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  • Angela A. Art

How can we ask for Freedom if we do not first grant it?

Our freedom- autonomy of mind and body- is something its difficult to imagine losing and yet something we take for granted in so many ways and all too often.

It’s all too easy to take away or deny a freedom to others and excuse that behavior, while jealously guarding our own.


It’s all to easy to judge and blame others and thus compromise our freedom of mind by poisoning ourselves with negativity and hatred.

Its all to easy to acquiesce to another’s demands when we fear retribution for rebellion against their will – however unjust.


We crave 'freedom', we demand 'freedom'. We idolise freedom. But how can we honestly and ethically expect freedom - if we are not willing to grant it?


True freedom comes to us when we learn to control our own mind. When we can face our own shortcomings and errors with calm acknowledgment and take ownership and have accountability. From that foundation we can build healthy and empowered lives.


This morning after walking with Juno, our canine companion, we were getting in the car when she noticed an intriguing smell and detoured some 20 feet away to check it out.

We called her and encouraged her to jump in the car. She was calm and unhurried, she glanced over but took her own time to fully appreciate and consider the scent that had caught her attention. She was nearby and keeping an eye on us – but she really wanted to gather this information – which was completely incomprehensible and hidden to us humans.


Although it was frustrating for a few moments – there was a dignity about her completing her activity. Like a human who may pause on a walk, calling out ‘ just a moment I want to stop and appreciate this scene’. Juno couldn’t tell us what she was engaged in and we couldn’t join her in the activity. For those moments the inter species barrier separated us. Our human will at odds to her canine will as our needs and wants at the time were opposing.


Juno has been raised within a non-punitive philosophy. She is generally calm, gentle and quiet. She gets on well with most other dogs and mainly follows the rules. But she openly displays her unique and interesting personality and expresses herself in a myriad of ways that can generally be read quite clearly. She has a lifetime experience of respect and kindness. She consents calmly to trips to the vet and dog groomers and knows basic commands and manners.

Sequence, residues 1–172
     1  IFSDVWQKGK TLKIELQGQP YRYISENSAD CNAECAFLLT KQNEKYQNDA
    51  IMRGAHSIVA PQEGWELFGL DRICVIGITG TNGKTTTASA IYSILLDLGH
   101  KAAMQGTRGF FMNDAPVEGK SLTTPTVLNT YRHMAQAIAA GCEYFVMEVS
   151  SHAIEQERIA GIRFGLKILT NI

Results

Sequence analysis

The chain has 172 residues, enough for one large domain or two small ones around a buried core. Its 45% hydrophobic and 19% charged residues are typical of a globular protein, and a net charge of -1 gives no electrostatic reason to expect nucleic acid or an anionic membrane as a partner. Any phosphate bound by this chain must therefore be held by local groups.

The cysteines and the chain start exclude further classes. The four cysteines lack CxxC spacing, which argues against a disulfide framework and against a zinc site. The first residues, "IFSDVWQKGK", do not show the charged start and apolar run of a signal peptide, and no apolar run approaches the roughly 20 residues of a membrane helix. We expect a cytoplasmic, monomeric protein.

But she lets us know how she feels. If she is left alone at home and she thinks this isn’t fair – she will often take some object outside and drop it in the fire pit. Then when someone comes home she meets them at the gate and “talks’ (she makes a warbling sound that is probably how human speech sounds to her!) she walks in the direction of the fire pit and warbles some more and then sits on her bed while we retrieve it. The message seems pretty clear that she feels hard done by and has harmlessly acted out that frustration and told us about it – without fear of retribution or anger.


Juno and her antics were on my mind today as I read about the situation in Afghanistan and I mentally put myself in the shoes of women in that country- sinking back in to the dark terror of the Taliban regime. I feel such horror at their situation and such a feeling of helplessness and sickening disgust that humans can become so steeped in power and control as to exert such punitive and cruel dominance over others.


No-one should live in such terrible conditions that they lose all freedoms and are so intimidated and dominated that their mind is controlled by fear and their body by pain and terror.


While we do all we can to give Juno opportunity to live her best life with reasonable boundaries, and appreciate our own opportunities to do the same – my heart is with the women and children of Afghanistan as they are lost behind a dark curtain which will conceal atrocities we have heard about from the previous Taliban period , but hoped not to see return.


Within our world countless beings suffer similar total loss of freedoms and lack of any autonomy over their body, their actions or choices.


Cattle in feedlots, Chickens in intensive egg and meat farms, Pigs in intensive indoor sheds- crammed in narrow crates and pens, Salmon in unbelievably tight stocked fish farming enclosures, fur farms where animals like foxes and milk are kept in tiny cages – to name just a few of the beings who are denied every basic opportunity for enjoyment in life. We take tiny babies from their cow, goat, sheep mothers to take the mothers milk for our own selfish wants. We take little foals from their mothers to make Premarin (Hormone treatment for Menopause). We kill all these animals. We toss day old male chicks into massive blenders (maserators) for the crime of being unable to lay eggs in the cruel egg industry.


We look away, we ignore, we don’t want to know or talk about it or accept the truth of the horror our species perpetuates on such a massive scale.

We make excuses, we deflect, we get defensive and even aggressive when the truth is staring us in the face. We avoid and cling to our norms, selfishly.

We fill our society with lies, violence and cruelty – we take and take and take and expect everything as our ‘right’….and then are aghast and horrified when we perpetuate atrocities against each other – our own kind.


We have no right to cause such harm. We have no need for any of it to be happening.

There is no excuse.

We have the power to grant freedom with our choices- and set our own hearts and minds free in the process.


There is a kinder compassionate world awaiting- we just have to choose it.

AngelaAArt 2021


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